Below are seven essential things you must do during your search for a new job to ensure you protect your prospects of landing a job.
- Keep Your LinkedIn Profile Up-To-Date
Potential employers or a recruiter will review your LinkedIn profiles once they get your resume. Therefore, consider updating your profile now instead of doing it last minute. You should check and edit a few essentials.
Start with turning off notifications to keep your profile updates from being broadcast across your online social network. Then avoid tagging it with the phrases like “searching for a new job” because your current boss might be watching. Lastly, ensure your listed skills are current and consistent with your present employment. Any drastic changes in your LinkedIn resume can be a tip-off, especially if they do not reflect your current job position.
- Keep Your Resume Off Job Boards
Nothing snuffs out the effectiveness of a discrete job search faster than getting dozens of messages and voicemails on your office phone from recruiters. You can avoid this by foregoing posting your resume on online and physical job boards. Instead, start networking as you search for new opportunities. Moreover, the assurance that your employer will not discover your resume online potentially offsets the risk of missing a great job.
- Do Not Drop Hints
You might want to share with your co-workers what you found during your job search. You could wish to let your closest colleague know how the interview went. In some instances, you would boldly hint to your boss your disinterest in the job or about a recent reprimand because of missed work. Avoid taking such actions. Fight the temptation. Keep things to yourself if you do not want rumors spreading.
Exercise the same reservations for your social media. Some employees like staying abreast with their employees’ professional and personal lives; hence, they will check their Twitter, Instagram, and Facebook accounts. Perhaps they might not do this but will know someone connected to an employer via the virtual networks. Therefore, avoid posting job search-related content, even statements such as “wish me luck! Going for my second interview this afternoon.” You do not want to elicit interest in what you are considering regarding your career change.
- Hold The Interviews Outside Work Hours
How many “9 AM appointments with your doctor will you have over the week or in a month before you raise suspicion? It is better to book the meeting during your lunch or after-work hours. Your boss is more likely to accommodate your request for such hours, especially as you show the need for discretion regarding the same.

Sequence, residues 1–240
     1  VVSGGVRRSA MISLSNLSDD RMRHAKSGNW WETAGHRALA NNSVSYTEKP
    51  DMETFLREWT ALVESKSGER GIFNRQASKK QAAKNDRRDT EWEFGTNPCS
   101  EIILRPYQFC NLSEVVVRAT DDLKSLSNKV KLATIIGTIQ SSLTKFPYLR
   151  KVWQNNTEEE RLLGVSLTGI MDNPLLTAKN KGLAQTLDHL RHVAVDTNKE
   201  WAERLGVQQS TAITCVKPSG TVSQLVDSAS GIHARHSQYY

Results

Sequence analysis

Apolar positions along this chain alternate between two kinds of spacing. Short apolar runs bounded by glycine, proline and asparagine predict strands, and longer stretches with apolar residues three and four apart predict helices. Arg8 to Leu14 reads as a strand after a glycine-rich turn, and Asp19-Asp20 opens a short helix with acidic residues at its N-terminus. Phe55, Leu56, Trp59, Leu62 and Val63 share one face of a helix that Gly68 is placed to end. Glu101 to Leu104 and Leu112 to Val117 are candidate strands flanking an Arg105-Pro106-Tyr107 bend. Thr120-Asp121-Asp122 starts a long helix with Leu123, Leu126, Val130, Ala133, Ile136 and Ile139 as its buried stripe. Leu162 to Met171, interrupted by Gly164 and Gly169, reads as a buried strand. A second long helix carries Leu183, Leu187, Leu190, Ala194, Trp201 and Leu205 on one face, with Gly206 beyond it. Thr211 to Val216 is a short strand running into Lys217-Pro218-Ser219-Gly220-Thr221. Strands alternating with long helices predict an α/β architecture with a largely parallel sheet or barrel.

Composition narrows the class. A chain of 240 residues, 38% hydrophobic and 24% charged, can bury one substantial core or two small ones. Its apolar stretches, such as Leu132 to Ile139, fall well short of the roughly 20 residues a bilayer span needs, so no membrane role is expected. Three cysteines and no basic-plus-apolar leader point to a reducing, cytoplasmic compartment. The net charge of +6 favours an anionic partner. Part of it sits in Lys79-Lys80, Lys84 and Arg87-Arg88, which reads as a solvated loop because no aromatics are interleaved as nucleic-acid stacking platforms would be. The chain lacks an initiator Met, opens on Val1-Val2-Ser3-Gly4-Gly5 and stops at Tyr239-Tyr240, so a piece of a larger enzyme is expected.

If you know the interview cannot be rescheduled to a better time, consider asking for a personal day or vacation. Calling in sick might not be the best route to take. You might be expected to be part of an impromptu conference call from home, yet you are away on personal business.
- Be Stealthy
Your efforts to be discreet about everything should also extend to your office wear. Suppose you are to attend the interview a bit more spruced up than when you go to work, consider changing to your everyday look before going to the office. You do not want heads turning and people murmuring about your sudden fashion change. Consider carrying a change of clothes if you are to go for the interview before reporting to work.
- Avoid Sabotaging Yourself
It is not uncommon for a job search meant to be under the wraps to be revealed via self-sabotage. Do not adopt that “could not care less” attitude and check out of your daily responsibilities or pick meaningless fights with your current employer or workmates. Instead, do your best to avoid conflicts and stay focused on your work.
Conversely, avoid using the company network or phone to make calls and book interviews. Always assume your boss is listening or looking. You do not want to get fired over inappropriate use of the business’ resources even before you have a confident footing in your next career. Read this blog from TRS Craft about the benefits of a career in manufacturing.
- Exclude Your Workmates Or Boss As References
If you have working for your current employer for some years, putting down the boss or a close co-worker as a reference might seem a bright idea. But this can be counterproductive. Suppose the potential employer calls your current boss before making you an offer; you risk surprising your boss about your plans before anything is finalized.
Reference checks should be the last thing in your job search. Therefore, it is best not to make them a screening tool for hiring managers and recruiters. Also, protect your professional and personal network; start by letting reference names be the last thing you provide at the end of the process.